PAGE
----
Me and the MLA are buds. Well, it's more of a one-sided relationship. I take shelter from APA style writing by dropping MLA's name as often as possible when I'm out of my element in a science classroom. Despite my heroic (for me) math journey in astronomy class last year, at the end of which I was able to calculate apparent brightness and magnitude with the best of them, I still took home a B. Turns out my own apparent brightness was dimmed by my inability to conform to APA on the final paper. The same goes for my natural science requirements -- big fat Bs in both. I am "too argumentative." But I won't get into that today.
Instead I wanted to post a link to an interesting column on the MLA site, by the president of the MLA, Gerald Graff. The article is about how first year composition is being compromised. In universities freshmen comp. (or just "comp" as most call it) is almost always taught by assistants or grad students, depending on the size of the school. There is a "two-track" system as Mr. Graff calls it, by which literature and the other humanities have been isolated from the courses that actually teach students how to complete their work in these disciplines.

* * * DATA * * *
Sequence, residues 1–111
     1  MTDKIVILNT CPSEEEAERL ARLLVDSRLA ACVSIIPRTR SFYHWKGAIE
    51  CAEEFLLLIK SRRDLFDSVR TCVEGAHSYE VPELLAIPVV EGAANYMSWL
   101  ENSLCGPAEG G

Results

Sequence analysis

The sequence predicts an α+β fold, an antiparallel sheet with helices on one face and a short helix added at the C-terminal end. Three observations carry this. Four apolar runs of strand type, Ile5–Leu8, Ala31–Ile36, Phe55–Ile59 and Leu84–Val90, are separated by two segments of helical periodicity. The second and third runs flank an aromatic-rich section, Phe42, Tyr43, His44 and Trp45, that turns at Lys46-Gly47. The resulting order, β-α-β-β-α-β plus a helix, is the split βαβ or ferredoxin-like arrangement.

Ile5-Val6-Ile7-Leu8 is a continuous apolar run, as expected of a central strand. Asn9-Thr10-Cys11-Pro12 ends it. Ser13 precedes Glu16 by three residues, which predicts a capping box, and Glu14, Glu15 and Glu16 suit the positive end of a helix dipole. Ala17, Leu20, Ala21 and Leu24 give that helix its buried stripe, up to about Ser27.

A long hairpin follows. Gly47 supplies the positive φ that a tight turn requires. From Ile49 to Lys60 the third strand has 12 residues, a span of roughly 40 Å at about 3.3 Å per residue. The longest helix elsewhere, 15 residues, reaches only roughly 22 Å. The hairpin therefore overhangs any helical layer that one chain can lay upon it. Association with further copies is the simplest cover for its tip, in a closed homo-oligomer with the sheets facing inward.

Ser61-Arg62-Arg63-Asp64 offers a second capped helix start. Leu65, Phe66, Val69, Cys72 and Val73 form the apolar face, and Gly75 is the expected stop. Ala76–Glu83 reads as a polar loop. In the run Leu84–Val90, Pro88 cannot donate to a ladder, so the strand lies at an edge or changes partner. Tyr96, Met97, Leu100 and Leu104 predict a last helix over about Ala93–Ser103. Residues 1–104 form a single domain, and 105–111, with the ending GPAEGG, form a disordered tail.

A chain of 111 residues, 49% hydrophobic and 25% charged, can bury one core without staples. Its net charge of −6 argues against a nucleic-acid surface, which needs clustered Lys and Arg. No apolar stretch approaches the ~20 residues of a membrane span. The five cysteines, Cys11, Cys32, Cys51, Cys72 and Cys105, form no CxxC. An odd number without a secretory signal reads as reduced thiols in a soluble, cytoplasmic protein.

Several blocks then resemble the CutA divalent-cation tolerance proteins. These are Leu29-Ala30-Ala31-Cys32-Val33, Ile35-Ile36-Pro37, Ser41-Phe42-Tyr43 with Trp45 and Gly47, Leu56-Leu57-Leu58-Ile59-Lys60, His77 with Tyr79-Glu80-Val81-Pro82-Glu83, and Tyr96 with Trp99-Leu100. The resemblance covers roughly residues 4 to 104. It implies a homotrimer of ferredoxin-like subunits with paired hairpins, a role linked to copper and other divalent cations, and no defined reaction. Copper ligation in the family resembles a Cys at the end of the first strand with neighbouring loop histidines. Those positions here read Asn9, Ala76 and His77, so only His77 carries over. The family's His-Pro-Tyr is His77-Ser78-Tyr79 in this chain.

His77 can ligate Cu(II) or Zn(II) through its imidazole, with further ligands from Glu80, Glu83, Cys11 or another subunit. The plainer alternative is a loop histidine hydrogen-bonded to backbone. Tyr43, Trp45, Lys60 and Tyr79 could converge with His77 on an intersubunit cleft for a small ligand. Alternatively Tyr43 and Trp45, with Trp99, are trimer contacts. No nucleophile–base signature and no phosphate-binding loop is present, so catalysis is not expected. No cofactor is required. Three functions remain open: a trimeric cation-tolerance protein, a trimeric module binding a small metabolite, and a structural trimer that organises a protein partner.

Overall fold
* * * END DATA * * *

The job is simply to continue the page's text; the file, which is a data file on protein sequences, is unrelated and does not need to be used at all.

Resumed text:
Here it is: Bringing Writing In from the Cold
A few weeks ago I went to see my honors program advisor about grad school - I had no idea where to start and needed help. I noticed "comp" was on his schedule (the profs all post their schedules on the office doors). At first I offered my condolences that he had to teach "that" class, but by the end of our conversation I had a new respect for him and a different outlook. He is the head of the English department, and he teaches freshman comp. As did my creative writing teacher last semester, who is also a veteran. Granted, my school is very small (less than 2000 students) but it seems like they are doing something right. At least Gerald Graff would think so.
Anyhow, I hadn't been to the MLA site in a while and I was pleased to find excellent writing and interesting topics, and no strict adherence to a sixth grade writing level (the standard for the web). I copy write for the web at work, and I have to use every last Flesch-Kincaid tool to get my articles down to tenth grade level . . . I can't seem to get past the brick wall of tenth grade! Graff throws caution to the wind - he uses "solipsistic" and "obfuscation" like "bread" and "butter." My little trip into language land was refreshing. Now I think I might finally sign up for that MLA student membership I've been talking about since my freshman year.